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The good old days

What’s changed, and what’s stayed the same

My former boss and dear friend, Grant Bales, was 50 years older than me. Like people of that generation often do, Grant told stories of the good old days whenever I would sit in his office long enough to listen to them. The flying stories were my favorite.

In the late 1950s, Grant flew his little Luscombe tailwheel over the bluegrass farms of Lexington, Kentucky. If he saw smoke from a friend’s chimney, he’d land in their field and pop in for a cup of coffee. Grant drank his black when I met him and usually had a cup in his hand while flying. It was a good landing if he didn’t spill a drop.

Flying today is a far cry from those days. I operate out of a busy Class D airport that’s underlying the Memphis, Tennessee, Class B shelf. I don’t know any of the farmers below, and I’d have to get a signed waiver from the flight school to even think about landing one of their aircraft on an unimproved strip. And it’s not just aviation that has gotten more complex over the past several decades. We live in a make-sure-you-document-every-move-and-leave-a-paper-trail world.

Enter my recent airplane buying experience. We found a little orange and white Cessna 172 to use on the flight line at the school where I work. Apparently, you can’t just call a person and agree on a price then swap said money for an airplane. No, no, no. You first need a prebuy contract. In our case, this caused the most nitpicking of the entire transaction. The seller, Dave, wanted to know why the buyer was listed as an LLC instead of my personal name. Is this some sort of scam, he asked? He also wanted some wording changed, including a clause about a certified mechanic coming to do the prebuy. In Dave’s words, “I don’t want your unemployed brother-in-law to bring his Fisher Price toolbox here to inspect the plane.” Funny man, that Dave, and understandably cynical of the strangers trying to purchase his old faithful airplane. My business partner and I didn’t blame him. That’s the world we live in. You really can’t be too careful. Then of course we had to agree on a deposit amount and put the money in escrow, pay for a title search, and more. It was all very official and soul-sucking.

Apparently, you can’t just call a person and agree on a price and then swap said money for an airplane.Finally, the stars aligned to get our mechanic friend, Karl, up to Harvard, Illinois, to inspect the airplane. He pronounced her in good enough shape, so we wired the money, renamed her Jolene, and brought her home. Yes, airplanes need a name; my other two were Elvira (God rest her soul) and Lola, another Cessna 172, who currently helps us train students at the school. Dave later sent me a video of his new buddy, Karl, departing off the airstrip and rocking the wings in a final farewell. “Have fun with her,” Dave texted. “It’s the first time someone else has been in the driver’s seat in 36 years.”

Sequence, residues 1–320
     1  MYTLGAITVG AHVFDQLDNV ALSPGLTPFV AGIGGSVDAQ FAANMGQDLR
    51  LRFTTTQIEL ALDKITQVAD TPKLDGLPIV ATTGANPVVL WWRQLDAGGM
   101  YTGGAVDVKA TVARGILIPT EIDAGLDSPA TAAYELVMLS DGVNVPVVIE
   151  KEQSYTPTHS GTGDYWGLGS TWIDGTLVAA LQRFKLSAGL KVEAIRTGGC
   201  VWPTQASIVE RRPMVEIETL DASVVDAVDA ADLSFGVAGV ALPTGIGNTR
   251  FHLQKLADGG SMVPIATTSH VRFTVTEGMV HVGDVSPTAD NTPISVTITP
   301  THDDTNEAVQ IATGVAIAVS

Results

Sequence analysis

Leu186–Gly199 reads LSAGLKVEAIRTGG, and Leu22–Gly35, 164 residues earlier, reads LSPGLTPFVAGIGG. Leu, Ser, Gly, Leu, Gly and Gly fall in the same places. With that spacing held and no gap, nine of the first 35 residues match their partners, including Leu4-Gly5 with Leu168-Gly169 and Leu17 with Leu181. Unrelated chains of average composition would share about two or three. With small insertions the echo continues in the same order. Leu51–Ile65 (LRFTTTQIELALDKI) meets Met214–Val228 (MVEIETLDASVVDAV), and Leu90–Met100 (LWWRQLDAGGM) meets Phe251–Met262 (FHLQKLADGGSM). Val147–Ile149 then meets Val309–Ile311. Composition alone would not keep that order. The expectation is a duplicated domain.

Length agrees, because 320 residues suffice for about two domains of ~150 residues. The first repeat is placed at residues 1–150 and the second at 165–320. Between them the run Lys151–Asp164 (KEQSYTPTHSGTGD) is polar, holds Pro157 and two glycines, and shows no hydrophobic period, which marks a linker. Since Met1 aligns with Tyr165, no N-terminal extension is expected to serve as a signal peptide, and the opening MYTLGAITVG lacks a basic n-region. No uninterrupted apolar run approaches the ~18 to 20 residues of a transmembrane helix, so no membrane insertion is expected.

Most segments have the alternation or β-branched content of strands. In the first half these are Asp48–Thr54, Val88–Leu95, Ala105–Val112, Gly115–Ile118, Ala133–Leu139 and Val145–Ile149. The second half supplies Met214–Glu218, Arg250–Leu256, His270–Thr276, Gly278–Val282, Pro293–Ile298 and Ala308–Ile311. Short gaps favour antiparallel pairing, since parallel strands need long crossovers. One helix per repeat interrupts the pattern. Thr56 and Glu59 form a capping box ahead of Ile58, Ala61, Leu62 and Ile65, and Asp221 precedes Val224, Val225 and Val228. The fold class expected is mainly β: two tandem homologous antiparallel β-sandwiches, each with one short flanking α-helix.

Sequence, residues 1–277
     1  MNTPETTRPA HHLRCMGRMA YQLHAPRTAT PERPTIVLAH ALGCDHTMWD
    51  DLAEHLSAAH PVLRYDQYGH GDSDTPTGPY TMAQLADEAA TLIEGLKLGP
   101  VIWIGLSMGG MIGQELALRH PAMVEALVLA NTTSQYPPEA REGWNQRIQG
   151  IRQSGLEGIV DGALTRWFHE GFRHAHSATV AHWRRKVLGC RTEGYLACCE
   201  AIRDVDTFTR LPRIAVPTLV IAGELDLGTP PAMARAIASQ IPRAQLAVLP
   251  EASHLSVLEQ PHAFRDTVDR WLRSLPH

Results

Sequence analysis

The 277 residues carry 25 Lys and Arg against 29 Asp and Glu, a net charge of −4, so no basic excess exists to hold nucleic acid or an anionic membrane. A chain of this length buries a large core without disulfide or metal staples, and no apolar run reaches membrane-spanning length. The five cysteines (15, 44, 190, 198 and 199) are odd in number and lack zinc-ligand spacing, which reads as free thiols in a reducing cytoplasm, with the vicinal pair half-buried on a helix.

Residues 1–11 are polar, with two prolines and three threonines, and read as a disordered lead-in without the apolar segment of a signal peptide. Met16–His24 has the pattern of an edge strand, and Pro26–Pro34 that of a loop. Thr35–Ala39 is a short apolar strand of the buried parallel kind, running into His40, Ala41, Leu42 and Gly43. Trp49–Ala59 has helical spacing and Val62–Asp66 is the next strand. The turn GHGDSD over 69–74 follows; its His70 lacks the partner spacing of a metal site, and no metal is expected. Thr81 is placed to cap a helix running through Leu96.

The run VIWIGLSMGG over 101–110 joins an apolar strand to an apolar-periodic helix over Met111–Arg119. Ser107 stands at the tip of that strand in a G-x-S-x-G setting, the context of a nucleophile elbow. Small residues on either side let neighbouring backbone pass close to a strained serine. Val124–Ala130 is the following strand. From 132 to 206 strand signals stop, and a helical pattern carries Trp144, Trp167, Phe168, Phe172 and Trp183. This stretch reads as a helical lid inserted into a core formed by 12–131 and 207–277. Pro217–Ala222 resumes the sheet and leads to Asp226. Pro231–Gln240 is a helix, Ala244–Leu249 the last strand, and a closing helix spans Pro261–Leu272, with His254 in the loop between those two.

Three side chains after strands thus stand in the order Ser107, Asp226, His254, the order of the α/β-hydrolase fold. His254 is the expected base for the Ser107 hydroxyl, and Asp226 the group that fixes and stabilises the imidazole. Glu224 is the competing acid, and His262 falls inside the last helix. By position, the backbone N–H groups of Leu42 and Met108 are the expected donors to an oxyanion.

Jolene had just been a simple girl, a remnant from an earlier time—no fancy avionics, just two wings, a healthy engine, and orangey-red velvet seats. When she got home, I realized that not only would we need an IFR-certified GPS, but also an intercom system (we somehow overlooked this) and a Hobbs meter so we’d be able to bill students. We delivered the airplane to the avionics shop where she’s undergoing an upgrade that costs more than my first two years of college. I hope we’re not doing Jolene a disservice. She was fine just the way she was, maybe even better in her pared-down state.

I’ve since gotten another message from Dave inviting us to drop in to visit him at his farm if we’re ever in the area and also to say, “Totally outside the scope of all the legal, official, bona fide, certifiable, contractual stuff we go through, it’s nice to know a person’s word and handshake is what really matters.” After the ordeal of buying and selling an airplane, I think maybe Dave was feeling the same sort of relief as me. We’re frequently put off by the whole watch-your-back world we live in. But then you meet people like Dave, who really wanted to believe in my decency just as much as I wanted to believe in his, and some of that lost faith in humanity is restored. Then, when I get to fly Jolene, or any airplane for that matter, once you climb above the turbulence and dispense with the ATC rigamarole of clearances, cruise her out, and just sit back and watch the world go by, you find out that maybe the important things haven’t changed so much since the good old days.

People still want to trust each other, make friends, and find simple pleasures in their day. And in aviation, we’re lucky enough to get to do all those things.

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